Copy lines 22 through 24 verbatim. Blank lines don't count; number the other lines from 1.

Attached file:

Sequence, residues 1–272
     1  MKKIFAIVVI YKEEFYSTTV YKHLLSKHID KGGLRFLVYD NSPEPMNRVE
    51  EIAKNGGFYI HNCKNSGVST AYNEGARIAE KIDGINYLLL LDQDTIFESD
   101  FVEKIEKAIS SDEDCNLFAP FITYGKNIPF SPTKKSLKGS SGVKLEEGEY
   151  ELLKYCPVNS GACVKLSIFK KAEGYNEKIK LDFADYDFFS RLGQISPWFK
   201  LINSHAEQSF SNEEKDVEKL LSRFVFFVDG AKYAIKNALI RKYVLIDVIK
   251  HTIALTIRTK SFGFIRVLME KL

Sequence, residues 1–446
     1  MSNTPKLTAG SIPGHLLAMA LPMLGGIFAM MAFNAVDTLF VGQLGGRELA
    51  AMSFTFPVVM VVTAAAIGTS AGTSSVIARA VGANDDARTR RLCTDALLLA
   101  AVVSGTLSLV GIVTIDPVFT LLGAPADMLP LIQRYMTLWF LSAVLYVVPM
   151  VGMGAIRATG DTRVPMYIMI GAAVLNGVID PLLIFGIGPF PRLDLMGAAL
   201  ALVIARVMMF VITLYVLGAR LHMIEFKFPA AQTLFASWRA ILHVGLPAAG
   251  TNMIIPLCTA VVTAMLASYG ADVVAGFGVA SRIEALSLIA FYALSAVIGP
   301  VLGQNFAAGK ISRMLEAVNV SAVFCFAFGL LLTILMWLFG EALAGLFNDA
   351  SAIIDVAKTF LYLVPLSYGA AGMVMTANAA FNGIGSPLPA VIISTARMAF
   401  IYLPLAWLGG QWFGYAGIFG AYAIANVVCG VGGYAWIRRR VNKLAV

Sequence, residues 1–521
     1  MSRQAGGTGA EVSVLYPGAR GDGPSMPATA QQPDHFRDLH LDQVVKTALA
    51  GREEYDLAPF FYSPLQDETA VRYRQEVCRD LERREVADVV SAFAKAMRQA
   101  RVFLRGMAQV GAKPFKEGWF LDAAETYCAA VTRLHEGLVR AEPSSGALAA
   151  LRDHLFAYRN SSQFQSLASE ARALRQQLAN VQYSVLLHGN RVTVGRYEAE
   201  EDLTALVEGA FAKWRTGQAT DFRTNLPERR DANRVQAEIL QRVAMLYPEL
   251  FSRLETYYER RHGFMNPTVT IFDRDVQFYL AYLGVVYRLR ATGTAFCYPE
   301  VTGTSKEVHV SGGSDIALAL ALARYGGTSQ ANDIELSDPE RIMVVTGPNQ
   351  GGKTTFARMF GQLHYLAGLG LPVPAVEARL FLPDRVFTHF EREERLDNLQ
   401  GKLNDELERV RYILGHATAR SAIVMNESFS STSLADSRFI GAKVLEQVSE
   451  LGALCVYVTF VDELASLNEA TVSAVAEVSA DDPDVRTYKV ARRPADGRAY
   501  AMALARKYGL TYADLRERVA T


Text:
   151  LRDHLFAYRN SSQFQSLASE ARALRQQLAN VQYSVLLHGN RVTVGRYEAE
   201  EDLTALVEGA FAKWRTGQAT DFRTNLPERR DANRVQAEIL QRVAMLYPEL
   251  FSRLETYYER RHGFMNPTVT IFDRDVQFYL AYLGVVYRLR ATGTAFCYPE